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What goes up must come down; conservationists suggest alternatives to balloon releases

By Bob Gross

Who hasn’t had the experience of letting a helium-filled balloon go soaring into the atmosphere, climbing ever higher until it disappears?

And who among us has ever given thought to what happens once the helium leaks out of the balloon?

“Essentially, it’s pollution,” said Amy Meeker-Taylor, environmental educator for the Friends of the St. Clair River. “Whatever goes up, must come down.”

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Conservationists are reminding people that just because a balloon is out of sight, it’s not out of mind. When it comes down, it’s just as much trash as that candy bar wrapper or chips bag that missed the trash can.

Even balloons billed as being environmentally friendly really aren’t, Meeker-Taylor said

“Balloons that are biodegradable really don’t biodegrade,” she said. “The pieces just become smaller and smaller.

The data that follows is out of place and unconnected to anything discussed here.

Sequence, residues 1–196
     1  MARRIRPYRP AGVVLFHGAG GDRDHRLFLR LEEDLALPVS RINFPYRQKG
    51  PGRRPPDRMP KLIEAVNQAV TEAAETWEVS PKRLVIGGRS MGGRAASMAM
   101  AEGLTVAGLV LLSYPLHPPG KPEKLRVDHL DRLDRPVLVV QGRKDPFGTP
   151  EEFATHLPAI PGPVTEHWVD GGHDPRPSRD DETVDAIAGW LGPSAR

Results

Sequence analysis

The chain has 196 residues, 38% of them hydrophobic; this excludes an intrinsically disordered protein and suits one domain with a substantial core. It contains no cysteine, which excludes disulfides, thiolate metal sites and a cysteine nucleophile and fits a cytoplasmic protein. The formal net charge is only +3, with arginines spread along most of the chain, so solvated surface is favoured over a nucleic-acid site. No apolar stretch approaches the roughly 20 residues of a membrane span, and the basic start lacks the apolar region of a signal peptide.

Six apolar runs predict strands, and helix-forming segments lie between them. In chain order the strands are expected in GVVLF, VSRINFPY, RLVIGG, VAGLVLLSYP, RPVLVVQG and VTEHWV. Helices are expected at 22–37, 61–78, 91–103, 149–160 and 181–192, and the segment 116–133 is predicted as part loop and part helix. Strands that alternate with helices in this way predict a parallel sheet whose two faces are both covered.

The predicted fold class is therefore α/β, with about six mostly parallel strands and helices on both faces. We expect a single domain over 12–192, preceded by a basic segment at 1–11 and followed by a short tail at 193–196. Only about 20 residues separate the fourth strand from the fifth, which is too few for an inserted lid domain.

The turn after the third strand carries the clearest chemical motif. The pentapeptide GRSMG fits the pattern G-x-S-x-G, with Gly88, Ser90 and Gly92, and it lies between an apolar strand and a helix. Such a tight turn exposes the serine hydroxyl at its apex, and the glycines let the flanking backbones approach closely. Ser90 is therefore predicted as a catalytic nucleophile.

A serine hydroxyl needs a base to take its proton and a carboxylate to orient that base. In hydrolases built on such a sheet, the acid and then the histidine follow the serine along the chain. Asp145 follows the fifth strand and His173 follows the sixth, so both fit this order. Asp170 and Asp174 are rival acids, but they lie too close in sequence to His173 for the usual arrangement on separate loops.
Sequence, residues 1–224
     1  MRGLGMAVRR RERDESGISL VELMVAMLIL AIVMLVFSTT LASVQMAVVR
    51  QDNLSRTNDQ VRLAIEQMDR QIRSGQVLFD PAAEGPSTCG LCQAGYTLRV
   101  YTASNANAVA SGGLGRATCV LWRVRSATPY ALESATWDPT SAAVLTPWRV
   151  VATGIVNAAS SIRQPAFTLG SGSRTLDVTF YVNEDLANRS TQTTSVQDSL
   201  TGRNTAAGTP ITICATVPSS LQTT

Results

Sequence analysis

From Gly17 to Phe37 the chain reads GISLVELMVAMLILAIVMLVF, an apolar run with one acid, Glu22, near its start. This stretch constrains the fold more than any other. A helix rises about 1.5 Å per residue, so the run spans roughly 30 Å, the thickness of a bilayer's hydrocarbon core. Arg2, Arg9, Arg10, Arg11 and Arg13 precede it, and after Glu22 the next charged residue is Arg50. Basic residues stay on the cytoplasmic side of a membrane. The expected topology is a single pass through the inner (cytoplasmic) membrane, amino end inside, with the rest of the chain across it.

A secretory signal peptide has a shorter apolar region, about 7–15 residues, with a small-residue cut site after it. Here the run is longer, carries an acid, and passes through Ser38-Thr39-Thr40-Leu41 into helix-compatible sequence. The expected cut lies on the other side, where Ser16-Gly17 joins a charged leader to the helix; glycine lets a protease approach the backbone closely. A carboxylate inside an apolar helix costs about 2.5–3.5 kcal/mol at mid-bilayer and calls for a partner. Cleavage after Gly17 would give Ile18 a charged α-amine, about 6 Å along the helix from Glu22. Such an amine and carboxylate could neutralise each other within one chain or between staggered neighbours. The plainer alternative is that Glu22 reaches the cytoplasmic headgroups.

“And before they biodegrade they still can be ingested or become an entanglement hazard.”

Plastic pollution is becoming a real concern. Researchers, for example, have found micro-plastics throughout the Great Lakes. Those tiny pieces of plastic often are ingested by organisms including fish and birds.

Michigan Sea Grant has started a website where researchers are tracking balloon pollution. Go to to report found balloons.

Meeker-Taylor said one of the issues with balloon releases is they usually are done en masse.

“It’s a know-better, do-better thing,” she said, “When we were kids we rode in the front seats of our parents’ cars, and we don’t do that anymore.”

She also said releasing sky lanterns, powered by candles that generate hot air, is not a good idea.

“You’re still letting something go into the atmosphere that’s going to come down as trash,” Meeker-Taylor said. “It’s still sky litter.”

Instead of releasing balloons or sky lanterns, Meeker-Taylor suggests:

·         Blowing bubbles

·         Flying kites

·         Tossing wildflower seed balls

·         Floating leaves in rivers and streams

·         Painting rocks with relevant messages and placing them in a park or the community

·         Planting trees

For more information, go to the Friends of the St. Clair River website at Friends of the St. Clair River – Showing 40 miles of love to the St. Clair River and its watersheds since 2007

Bob Gross has been a journalist for 40 years in Michigan and Wyoming. He has covered subjects ranging from agriculture to zoology. He most recently covered courts and police for the Port Huron Times Herald.

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